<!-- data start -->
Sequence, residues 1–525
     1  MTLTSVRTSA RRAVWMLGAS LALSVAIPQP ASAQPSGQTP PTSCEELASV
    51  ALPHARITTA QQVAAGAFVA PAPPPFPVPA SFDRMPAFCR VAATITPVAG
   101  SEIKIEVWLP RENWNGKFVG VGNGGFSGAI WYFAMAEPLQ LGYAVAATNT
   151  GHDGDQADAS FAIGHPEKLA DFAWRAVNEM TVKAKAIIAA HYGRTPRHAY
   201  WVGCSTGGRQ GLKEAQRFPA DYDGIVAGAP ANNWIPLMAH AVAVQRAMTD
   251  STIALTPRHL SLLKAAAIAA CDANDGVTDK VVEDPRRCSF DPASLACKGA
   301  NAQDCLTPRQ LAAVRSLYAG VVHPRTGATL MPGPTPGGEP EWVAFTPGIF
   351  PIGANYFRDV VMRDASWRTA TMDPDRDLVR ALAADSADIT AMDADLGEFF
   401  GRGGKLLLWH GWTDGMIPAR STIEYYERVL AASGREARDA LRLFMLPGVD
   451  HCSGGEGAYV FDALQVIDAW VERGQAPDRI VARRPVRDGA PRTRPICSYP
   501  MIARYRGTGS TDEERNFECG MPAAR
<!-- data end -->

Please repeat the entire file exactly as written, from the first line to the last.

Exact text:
Sequence, residues 1–525
     1  MTLTSVRTSA RRAVWMLGAS LALSVAIPQP ASAQPSGQTP PTSCEELASV
    51  ALPHARITTA QQVAAGAFVA PAPPPFPVPA SFDRMPAFCR VAATITPVAG
   101  SEIKIEVWLP RENWNGKFVG VGNGGFSGAI WYFAMAEPLQ LGYAVAATNT
   151  GHDGDQADAS FAIGHPEKLA DFAWRAVNEM TVKAKAIIAA HYGRTPRHAY
   201  WVGCSTGGRQ GLKEAQRFPA DYDGIVAGAP ANNWIPLMAH AVAVQRAMTD
   251  STIALTPRHL SLLKAAAIAA CDANDGVTDK VVEDPRRCSF DPASLACKGA
   301  NAQDCLTPRQ LAAVRSLYAG VVHPRTGATL MPGPTPGGEP EWVAFTPGIF
   351  PIGANYFRDV VMRDASWRTA TMDPDRDLVR ALAADSADIT AMDADLGEFF
   401  GRGGKLLLWH GWTDGMIPAR STIEYYERVL AASGREARDA LRLFMLPGVD
   451  HCSGGEGAYV FDALQVIDAW VERGQAPDRI VARRPVRDGA PRTRPICSYP
   501  MIARYRGTGS TDEERNFECG MPAAR